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REAL ESTATE Basic Question About Leveraged Real-Estate Developers

WheelsRCool

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Aug 12, 2007
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Hey, I've read of about three major real-estate developers who became wealthy, then went broke and were in deep debt because the market crashed and they had been so leveraged in their real-estate developing. I also read on this website in a thread where someone mentioned about how many of the big guys can be very leveraged.

My question is, doesn't that put a lot of your wealth at risk? I mean, if the market crashes, you can lose it all overnight it seems.

Or is the ideal way, if you are leveraging for real-estate development, to have half your net worth in other investments, companies, etc...along with a good supply of cash on hand, so that if the real-estate market does crash, you don't go completely bankrupt?
 

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bflbob

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Or is the ideal way, if you are leveraging for real-estate development, to have half your net worth in other investments, companies, etc...along with a good supply of cash on hand, so that if the real-estate market does crash, you don't go completely bankrupt?
There is a big difference between RE investing and RE developing.

In investing, you can predict your downside with some degree of certainty.
Obviously, if the world ends or another Great Depression hits, all bets are off.

But in development, you are typically buying an empty lot and building it into a 'project'.
The upside potential here is great, but so is the risk.

Investing involves taking an existing structure and flipping or renting it.
Sometimes you'll improve it, as Steve-O does.
Other times, you'll keep it just as is.
You are working off cash flow and appreciation, along with a discounted purchase price.

In developing, you start with a blank slate and a big vision.
You might buy a group of run-down properties near a highway.
Your vision is to tear them all down and build a convention/hotel complex.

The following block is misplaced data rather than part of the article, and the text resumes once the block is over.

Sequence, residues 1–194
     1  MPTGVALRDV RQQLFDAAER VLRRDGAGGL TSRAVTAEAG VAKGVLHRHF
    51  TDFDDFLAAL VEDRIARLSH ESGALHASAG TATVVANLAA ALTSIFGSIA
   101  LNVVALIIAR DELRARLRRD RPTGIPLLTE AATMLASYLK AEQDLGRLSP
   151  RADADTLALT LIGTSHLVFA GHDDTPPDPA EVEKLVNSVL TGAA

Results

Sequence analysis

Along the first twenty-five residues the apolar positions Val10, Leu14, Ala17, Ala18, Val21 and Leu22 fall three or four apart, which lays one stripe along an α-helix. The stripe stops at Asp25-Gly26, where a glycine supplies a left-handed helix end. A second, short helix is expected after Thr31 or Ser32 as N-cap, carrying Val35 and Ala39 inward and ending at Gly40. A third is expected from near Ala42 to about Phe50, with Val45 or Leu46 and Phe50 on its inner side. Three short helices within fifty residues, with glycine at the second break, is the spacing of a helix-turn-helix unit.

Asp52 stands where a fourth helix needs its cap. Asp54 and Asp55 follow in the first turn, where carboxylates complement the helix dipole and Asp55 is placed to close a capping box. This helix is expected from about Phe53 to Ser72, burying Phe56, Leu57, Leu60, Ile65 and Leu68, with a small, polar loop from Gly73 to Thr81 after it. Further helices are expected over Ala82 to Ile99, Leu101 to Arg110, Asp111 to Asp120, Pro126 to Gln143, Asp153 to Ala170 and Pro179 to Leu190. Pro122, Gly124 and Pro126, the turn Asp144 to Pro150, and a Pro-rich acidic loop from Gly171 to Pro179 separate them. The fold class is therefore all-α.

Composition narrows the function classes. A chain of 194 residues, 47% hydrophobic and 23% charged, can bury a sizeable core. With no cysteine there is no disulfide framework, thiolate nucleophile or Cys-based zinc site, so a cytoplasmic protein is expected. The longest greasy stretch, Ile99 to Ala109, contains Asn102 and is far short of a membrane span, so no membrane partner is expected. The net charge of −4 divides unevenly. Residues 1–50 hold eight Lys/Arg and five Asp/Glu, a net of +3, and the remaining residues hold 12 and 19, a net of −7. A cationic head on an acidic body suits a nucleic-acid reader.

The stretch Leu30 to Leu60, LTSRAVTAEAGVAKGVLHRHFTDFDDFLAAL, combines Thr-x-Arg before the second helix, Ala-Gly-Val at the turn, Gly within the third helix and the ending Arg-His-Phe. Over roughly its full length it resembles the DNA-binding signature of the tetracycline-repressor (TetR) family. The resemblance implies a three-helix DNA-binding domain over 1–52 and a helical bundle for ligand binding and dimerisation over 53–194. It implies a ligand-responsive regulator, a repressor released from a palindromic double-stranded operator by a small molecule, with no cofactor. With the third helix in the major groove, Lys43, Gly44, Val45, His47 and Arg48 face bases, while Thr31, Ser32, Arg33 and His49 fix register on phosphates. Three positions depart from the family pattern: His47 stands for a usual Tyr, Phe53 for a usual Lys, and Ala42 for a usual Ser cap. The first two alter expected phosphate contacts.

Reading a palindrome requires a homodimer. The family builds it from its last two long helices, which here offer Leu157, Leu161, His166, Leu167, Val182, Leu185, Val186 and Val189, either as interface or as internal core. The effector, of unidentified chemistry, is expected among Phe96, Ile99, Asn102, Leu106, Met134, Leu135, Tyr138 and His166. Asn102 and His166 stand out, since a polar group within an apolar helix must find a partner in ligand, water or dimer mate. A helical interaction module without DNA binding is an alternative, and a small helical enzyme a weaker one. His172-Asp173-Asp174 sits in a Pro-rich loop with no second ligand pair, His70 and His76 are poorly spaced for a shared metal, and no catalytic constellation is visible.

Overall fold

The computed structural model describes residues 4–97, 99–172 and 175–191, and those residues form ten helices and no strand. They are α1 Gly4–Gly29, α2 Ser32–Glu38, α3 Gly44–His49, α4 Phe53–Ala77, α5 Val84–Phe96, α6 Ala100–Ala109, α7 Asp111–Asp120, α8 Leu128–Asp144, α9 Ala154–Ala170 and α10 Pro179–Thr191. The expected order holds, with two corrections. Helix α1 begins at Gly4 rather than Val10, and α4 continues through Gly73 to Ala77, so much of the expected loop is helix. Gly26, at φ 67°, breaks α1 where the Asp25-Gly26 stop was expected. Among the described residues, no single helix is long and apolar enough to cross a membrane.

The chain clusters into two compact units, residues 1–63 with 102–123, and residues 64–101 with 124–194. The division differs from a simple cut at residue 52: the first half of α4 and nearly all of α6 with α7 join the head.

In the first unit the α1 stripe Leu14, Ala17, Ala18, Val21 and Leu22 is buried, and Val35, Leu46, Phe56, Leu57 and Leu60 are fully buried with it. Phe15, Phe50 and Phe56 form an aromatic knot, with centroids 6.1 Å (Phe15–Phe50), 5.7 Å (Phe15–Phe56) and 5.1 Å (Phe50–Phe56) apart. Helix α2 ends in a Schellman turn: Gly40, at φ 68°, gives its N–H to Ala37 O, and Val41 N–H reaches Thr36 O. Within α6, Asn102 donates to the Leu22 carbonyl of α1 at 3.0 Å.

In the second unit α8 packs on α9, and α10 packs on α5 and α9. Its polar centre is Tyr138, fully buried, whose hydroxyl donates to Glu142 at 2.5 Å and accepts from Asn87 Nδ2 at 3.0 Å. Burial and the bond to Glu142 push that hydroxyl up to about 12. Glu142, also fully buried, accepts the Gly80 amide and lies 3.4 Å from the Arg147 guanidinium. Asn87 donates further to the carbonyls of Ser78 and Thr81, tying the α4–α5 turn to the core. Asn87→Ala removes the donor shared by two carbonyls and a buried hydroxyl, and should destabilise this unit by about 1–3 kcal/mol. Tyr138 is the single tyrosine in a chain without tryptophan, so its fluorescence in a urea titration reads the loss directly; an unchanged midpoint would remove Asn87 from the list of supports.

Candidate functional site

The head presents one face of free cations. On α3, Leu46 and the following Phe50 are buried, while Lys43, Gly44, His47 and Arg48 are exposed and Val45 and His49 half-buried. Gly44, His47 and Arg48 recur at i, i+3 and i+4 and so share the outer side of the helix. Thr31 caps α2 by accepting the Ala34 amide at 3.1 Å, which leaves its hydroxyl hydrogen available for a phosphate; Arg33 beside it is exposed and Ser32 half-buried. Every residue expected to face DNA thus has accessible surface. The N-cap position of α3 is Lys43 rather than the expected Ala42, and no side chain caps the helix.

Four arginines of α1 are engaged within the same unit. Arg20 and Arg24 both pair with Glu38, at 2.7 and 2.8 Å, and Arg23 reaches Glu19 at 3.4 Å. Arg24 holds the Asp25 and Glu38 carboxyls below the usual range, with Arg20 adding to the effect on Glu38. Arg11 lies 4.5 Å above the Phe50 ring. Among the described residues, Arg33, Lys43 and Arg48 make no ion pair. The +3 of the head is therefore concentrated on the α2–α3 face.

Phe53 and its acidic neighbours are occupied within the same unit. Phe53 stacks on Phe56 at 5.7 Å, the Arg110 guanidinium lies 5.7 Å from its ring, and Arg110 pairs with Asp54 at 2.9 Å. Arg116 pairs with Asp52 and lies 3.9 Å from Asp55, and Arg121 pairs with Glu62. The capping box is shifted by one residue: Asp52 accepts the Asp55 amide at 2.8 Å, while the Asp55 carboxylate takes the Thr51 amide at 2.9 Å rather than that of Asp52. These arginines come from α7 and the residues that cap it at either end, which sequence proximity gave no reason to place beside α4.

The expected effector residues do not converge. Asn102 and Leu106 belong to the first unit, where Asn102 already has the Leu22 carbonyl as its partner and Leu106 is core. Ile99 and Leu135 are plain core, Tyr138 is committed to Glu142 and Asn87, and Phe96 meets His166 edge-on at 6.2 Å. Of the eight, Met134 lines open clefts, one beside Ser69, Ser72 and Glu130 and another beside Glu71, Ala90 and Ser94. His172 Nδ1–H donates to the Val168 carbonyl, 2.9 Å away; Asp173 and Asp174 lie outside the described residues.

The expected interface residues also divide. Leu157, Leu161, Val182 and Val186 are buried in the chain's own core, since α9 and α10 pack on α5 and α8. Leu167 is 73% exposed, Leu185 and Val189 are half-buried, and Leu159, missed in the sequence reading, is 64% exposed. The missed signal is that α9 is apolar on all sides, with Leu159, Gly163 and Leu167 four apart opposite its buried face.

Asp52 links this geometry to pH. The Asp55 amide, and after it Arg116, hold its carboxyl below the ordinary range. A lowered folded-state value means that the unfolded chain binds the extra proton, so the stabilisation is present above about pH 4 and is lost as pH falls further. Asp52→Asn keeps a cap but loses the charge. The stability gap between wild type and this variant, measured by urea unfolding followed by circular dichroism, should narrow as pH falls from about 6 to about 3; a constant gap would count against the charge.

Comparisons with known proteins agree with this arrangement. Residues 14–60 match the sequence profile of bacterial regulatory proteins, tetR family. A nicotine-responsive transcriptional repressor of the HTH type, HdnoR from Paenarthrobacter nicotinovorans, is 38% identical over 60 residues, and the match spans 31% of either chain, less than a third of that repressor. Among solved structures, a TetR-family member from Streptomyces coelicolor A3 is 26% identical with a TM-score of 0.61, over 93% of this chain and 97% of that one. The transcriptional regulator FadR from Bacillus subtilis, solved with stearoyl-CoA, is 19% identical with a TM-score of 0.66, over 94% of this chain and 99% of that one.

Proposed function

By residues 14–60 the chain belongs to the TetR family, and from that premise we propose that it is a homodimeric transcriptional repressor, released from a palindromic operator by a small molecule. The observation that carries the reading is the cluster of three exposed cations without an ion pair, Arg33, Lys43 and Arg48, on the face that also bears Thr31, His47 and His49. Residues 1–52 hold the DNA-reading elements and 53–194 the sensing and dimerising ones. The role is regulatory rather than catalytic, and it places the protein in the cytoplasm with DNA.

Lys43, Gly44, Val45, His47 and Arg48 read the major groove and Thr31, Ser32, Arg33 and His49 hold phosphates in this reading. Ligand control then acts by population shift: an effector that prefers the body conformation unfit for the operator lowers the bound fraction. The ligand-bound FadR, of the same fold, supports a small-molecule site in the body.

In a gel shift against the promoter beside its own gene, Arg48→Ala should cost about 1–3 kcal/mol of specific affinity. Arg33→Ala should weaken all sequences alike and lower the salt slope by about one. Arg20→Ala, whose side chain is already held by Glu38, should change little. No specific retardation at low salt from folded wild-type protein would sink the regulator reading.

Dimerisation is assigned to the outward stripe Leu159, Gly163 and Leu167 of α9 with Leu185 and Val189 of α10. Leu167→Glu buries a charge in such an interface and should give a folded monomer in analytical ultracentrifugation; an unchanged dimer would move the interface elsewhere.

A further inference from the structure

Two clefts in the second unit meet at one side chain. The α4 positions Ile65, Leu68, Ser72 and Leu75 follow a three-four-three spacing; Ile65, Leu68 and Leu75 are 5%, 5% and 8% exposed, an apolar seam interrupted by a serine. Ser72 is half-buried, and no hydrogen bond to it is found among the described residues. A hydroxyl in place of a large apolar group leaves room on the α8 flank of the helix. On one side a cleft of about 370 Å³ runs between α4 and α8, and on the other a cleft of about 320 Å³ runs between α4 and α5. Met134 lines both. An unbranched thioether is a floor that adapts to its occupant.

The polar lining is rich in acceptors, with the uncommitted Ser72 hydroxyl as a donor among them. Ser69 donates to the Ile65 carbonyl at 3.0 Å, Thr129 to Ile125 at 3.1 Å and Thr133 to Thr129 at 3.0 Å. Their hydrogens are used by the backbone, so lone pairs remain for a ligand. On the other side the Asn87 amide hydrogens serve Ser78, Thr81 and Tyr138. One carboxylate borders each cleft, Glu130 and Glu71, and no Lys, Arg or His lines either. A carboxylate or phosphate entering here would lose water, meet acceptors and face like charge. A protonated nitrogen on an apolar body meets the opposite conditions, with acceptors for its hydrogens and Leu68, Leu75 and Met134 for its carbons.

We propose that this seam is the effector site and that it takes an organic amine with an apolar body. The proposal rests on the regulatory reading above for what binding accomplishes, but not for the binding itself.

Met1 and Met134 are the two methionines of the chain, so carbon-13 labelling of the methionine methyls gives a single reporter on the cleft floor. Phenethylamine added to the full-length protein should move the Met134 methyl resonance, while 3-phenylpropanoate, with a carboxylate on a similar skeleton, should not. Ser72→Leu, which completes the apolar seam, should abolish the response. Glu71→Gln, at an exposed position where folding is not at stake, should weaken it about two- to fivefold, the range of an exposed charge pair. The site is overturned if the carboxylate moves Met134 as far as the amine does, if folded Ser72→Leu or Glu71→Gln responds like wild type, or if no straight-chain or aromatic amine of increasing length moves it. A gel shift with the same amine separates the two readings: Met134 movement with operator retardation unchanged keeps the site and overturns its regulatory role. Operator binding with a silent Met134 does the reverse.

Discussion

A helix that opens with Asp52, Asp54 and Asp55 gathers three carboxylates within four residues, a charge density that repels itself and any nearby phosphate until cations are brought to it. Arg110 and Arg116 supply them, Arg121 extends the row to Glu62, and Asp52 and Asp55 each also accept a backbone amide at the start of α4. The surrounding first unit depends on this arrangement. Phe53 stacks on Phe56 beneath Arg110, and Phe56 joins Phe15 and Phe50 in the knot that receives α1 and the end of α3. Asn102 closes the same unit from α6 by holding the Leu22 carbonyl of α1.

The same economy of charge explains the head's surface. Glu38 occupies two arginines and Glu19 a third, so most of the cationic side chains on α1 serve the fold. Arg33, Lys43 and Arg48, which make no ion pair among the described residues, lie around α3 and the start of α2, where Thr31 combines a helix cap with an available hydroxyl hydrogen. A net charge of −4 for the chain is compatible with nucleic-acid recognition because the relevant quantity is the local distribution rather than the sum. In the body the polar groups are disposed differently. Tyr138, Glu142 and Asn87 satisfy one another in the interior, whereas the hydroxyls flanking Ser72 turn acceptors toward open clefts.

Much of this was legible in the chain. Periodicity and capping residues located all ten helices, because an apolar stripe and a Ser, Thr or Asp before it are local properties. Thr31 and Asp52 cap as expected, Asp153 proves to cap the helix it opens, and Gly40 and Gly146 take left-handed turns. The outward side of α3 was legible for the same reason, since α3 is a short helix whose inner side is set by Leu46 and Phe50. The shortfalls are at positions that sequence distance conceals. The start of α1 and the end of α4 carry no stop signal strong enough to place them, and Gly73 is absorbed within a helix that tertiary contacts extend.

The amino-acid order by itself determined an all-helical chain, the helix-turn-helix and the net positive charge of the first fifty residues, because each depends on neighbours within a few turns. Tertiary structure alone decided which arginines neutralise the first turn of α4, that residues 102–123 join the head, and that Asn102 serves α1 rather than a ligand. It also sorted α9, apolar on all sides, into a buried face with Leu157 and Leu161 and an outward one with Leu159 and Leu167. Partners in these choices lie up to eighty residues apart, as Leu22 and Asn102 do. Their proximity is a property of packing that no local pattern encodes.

There are a lot of up-front costs before you'll see a dime from revenues.

Obviously, you might have enough money to buy a small starter house to rent out without leveraging.
But try to do the same with the convention/hotel complex.
You need to leverage in order to build it, but the high risk factor increases the odds of failing.

I hope this helps clarify what you were asking.
 

SteveO

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You need a plan if heavy leverage is your idea to get ahead rapidly. I started a thread a while back that talked about risk.

http://www.thefastlanetomillions.com/showthread.php?t=626

I also talk about adding value through inproved income (thus minimizing exposure) on this thread.

http://www.thefastlanetomillions.com/showthread.php?t=588


On top of all this, there are other modes of safety that I try to incorporate. One of the big ones is getting non-recourse loans. These are a lot easier to obtain if you have a well run and income secure property. So, I typically purchase using temporary or bridge loans and refinance once the financials get where they need to be. You can purchase using these loans directly if you want to get a well run property from the start. That is how I like to sell them. :icon_super:

A lot of legal work goes into these non-recourse loans. I have an attorney that sets them up for me and then the lenders attorney will review them. They want to see that they are solid and "bankruptcy remote". Their preference is that they are single entity, Delaware LLC's. My accountant does not like single entity LLC's for taxes (doesn't want to put them on schedule E) so I do some extra work to accomplish it with a typical multi entity LLC.

If I lose the property to the lender, they have no recourse for taking any of my other properties or going after me for more money.
 
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WheelsRCool

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To an extent it does, however the one guy who went broke, Tim Blixseth, is now a billionaire from developing resorts. He said going bankrupt was the best thing that ever happened to him, because it taught him to never take on debt again. But if he became a billionaire from developing resorts, wouldn't he have to take on debt to construct the resorts?

Also Donald Trump, he continues in the same business he almost went bankrupt in, what exactly does he do differently to prevent himself from ending up $9 billion in debt again (I still can't get over that number everytime I hear it!)? He still builds his resorts and skyscrapers and all that I know.